The number of underperforming stock market funds has nearly halved compared with the previous six months, according to the latest Spot the Dog report from Tilney Bestinvest.
The report highlights 77 investment funds that have consistently underperformed the markets they invest in, compared with 150 funds in the last report six months earlier. These funds collectively represent £29.5bn ($40.4bn) of long-term savings.
Bestinvest says this is due to a surge in previously out-of-favour and economically sensitive sectors since last autumn, which enabled many former offenders to escape the kennel.
Seven of the list hold more than £1bn in investor cash and are managed by some heavyweights of the financial services industry, including HBOS, Scottish Widows, St. James's Place, Fidelity and Abdrn (ABDN.L) (formerly Aberdeen Standard).
Lloyds Banking Group's (LLOY.L) HBOS, which holds around £6.9bn in five funds, has topped the list – knocking Invesco off the top spot after reigning supreme for the last five reports.
Invesco still has £5bn in three dog funds, but the direction of travel is improving following a shake-up at the group, Bestinvest said.
"Since the coronavirus crash in early 2020, equity markets around the globe have bounced back sharply, delivered impressive returns buoyed by ultra-low interest rates, massive stimulus programmes and optimism fuelled by the discovery and roll-out of vaccines," said Jason Hollands, managing director at Bestinvest.
"This has pretty much lifted all ships with the tide – so to speak – so even funds that have failed to keep pace with the surge in markets have often delivered seemingly good returns, though 21 of the funds in Spot the Dog did deliver actual losses over the last three years."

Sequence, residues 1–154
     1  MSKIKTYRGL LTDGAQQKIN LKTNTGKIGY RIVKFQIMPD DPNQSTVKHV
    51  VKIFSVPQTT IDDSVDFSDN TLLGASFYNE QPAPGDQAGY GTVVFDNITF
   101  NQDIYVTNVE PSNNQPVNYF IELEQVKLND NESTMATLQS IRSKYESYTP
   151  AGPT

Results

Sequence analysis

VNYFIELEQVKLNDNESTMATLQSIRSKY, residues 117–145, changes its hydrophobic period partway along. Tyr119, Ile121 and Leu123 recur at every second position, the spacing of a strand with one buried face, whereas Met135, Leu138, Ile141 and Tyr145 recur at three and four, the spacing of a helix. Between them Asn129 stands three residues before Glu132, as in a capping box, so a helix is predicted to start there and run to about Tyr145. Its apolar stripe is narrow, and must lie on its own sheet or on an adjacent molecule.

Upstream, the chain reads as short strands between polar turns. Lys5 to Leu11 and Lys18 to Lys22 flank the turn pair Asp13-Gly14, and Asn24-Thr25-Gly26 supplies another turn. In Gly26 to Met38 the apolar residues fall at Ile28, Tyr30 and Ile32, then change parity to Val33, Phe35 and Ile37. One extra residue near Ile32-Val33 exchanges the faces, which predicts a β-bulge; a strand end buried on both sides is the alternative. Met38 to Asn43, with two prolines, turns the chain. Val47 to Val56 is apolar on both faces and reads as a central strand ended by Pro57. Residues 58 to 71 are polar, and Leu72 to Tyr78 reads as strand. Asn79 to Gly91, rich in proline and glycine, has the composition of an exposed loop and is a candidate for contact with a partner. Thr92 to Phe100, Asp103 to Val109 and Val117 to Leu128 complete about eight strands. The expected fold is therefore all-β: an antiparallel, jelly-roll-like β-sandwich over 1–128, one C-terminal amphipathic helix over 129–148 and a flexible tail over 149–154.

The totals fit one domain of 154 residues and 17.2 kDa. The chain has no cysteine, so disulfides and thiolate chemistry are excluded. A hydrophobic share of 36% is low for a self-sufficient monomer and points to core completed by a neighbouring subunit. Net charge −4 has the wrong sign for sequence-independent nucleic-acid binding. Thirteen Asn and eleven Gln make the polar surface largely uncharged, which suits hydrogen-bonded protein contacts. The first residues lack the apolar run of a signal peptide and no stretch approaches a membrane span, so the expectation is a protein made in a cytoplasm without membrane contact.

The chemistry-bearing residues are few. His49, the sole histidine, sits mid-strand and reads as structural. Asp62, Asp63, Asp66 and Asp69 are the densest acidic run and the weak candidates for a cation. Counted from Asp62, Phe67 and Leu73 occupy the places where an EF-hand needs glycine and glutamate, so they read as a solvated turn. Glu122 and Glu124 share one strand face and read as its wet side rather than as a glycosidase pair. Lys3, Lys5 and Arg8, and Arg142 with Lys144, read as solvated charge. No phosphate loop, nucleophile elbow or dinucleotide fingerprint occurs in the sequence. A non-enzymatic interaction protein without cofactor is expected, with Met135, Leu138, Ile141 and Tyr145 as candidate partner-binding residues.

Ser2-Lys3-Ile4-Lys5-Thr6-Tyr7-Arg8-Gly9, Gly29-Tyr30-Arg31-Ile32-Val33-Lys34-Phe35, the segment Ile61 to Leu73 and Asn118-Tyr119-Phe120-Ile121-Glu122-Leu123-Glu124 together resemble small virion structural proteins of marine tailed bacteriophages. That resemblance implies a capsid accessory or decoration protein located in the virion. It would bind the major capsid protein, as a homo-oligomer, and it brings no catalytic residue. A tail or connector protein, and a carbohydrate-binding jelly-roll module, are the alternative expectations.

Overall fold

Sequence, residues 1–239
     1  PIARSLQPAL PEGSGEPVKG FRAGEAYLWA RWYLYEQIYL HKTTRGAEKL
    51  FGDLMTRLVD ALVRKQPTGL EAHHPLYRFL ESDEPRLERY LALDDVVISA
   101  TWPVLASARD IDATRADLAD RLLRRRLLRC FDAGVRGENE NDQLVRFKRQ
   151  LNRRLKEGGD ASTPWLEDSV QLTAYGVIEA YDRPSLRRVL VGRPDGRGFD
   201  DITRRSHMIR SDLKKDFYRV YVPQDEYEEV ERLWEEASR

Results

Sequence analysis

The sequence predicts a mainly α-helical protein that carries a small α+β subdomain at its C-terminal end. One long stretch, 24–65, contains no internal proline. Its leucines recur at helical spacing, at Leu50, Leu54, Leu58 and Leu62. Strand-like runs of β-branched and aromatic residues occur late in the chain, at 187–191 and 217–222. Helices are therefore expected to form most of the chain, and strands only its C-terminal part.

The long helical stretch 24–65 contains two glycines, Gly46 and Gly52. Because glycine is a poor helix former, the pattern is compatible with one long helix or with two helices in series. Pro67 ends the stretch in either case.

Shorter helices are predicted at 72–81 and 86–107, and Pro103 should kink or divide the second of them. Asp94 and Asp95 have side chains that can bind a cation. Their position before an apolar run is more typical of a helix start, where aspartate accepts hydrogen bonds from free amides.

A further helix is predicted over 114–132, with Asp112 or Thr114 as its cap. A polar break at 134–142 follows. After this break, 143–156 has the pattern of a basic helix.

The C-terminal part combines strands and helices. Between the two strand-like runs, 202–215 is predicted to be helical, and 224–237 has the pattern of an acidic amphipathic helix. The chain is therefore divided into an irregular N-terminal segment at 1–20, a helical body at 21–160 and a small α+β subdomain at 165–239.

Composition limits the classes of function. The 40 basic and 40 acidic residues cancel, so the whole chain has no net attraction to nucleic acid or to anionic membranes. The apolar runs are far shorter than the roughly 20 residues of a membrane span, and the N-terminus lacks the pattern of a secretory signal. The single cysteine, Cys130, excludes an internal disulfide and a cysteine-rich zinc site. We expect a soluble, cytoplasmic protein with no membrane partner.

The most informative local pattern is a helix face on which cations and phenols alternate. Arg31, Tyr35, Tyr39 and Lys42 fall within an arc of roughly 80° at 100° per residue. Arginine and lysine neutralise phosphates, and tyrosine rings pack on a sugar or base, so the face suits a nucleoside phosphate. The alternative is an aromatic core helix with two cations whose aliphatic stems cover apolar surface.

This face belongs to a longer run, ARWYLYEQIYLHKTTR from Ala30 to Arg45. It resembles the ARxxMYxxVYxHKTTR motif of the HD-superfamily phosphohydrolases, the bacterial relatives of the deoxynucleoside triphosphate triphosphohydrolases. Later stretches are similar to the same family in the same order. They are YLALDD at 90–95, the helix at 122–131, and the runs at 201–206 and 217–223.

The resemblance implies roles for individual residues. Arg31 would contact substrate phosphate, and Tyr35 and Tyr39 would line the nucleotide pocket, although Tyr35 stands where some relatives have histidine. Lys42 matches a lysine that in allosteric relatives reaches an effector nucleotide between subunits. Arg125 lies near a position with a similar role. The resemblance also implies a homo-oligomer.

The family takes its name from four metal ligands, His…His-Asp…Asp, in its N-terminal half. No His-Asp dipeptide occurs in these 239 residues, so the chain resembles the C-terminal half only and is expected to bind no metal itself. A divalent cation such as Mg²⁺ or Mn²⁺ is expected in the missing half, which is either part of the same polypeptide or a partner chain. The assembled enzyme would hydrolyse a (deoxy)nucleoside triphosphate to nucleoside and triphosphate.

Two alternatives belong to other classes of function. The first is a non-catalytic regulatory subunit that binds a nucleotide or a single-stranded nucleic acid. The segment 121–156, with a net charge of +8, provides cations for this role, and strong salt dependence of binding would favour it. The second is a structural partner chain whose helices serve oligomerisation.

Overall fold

Other notable groups included St James’s Place, with £3.9bn across four funds, and Scottish Widows, with £2.7bn across four funds.
The report covers funds investing across a wide selection of markets, including the UK, Global equities, North America, Europe, Asia (excluding Japan), Japan and Global Emerging Markets in its quest to identify “the worst of the worst”.
Some areas are noticeably more prone to consistent underachievers, with the highest count – 19 funds – found in the North American sector (representing 22% of the North American funds universe), confirming its reputation as a region where fund managers struggle to beat the markets.
This was followed by 14 European dog funds (14% of the European funds universe).
In other markets dog funds are rare breeds. In the extensive UK All Companies sector just nine dog funds were uncovered. These represent just 3% of the universe of funds in the UK All Companies sector that were screened.
Other areas where dog funds appear on the verge of extinction were Global Emerging Market funds (two funds) and Japan and Asia (excluding Japan) sectors, both of which had four dog funds each. Across all sectors, very few funds focused on smaller companies were found.
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